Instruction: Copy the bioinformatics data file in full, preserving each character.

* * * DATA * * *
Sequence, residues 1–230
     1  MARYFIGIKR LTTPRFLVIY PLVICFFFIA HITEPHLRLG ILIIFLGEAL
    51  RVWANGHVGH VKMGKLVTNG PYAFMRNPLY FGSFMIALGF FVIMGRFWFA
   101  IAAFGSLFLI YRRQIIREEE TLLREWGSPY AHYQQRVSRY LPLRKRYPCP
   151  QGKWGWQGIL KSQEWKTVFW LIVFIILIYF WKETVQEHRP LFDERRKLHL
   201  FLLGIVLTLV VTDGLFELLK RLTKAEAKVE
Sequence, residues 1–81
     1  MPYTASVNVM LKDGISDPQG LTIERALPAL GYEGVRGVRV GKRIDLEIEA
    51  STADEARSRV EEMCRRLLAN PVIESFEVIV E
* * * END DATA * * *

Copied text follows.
Sequence, residues 1–230
     1  MARYFIGIKR LTTPRFLVIY PLVICFFFIA HITEPHLRLG ILIIFLGEAL
    51  RVWANGHVGH VKMGKLVTNG PYAFMRNPLY FGSFMIALGF FVIMGRFWFA
   101  IAAFGSLFLI YRRQIIREEE TLLREWGSPY AHYQQRVSRY LPLRKRYPCP
   151  QGKWGWQGIL KSQEWKTVFW LIVFIILIYF WKETVQEHRP LFDERRKLHL
   201  FLLGIVLTLV VTDGLFELLK RLTKAEAKVE
Sequence, residues 1–81
     1  MPYTASVNVM LKDGISDPQG LTIERALPAL GYEGVRGVRV GKRIDLEIEA
    51  STADEARSRV EEMCRRLLAN PVIESFEVIV E